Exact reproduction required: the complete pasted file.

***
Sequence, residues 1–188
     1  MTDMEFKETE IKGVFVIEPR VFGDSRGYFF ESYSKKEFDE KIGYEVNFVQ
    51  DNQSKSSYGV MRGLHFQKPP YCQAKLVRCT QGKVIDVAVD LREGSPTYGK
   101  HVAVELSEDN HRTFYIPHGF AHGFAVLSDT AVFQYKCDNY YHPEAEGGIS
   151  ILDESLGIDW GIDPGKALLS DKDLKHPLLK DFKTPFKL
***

Sequence, residues 1–188
     1  MTDMEFKETE IKGVFVIEPR VFGDSRGYFF ESYSKKEFDE KIGYEVNFVQ
    51  DNQSKSSYGV MRGLHFQKPP YCQAKLVRCT QGKVIDVAVD LREGSPTYGK
   101  HVAVELSEDN HRTFYIPHGF AHGFAVLSDT AVFQYKCDNY YHPEAEGGIS
   151  ILDESLGIDW GIDPGKALLS DKDLKHPLLK DFKTPFKL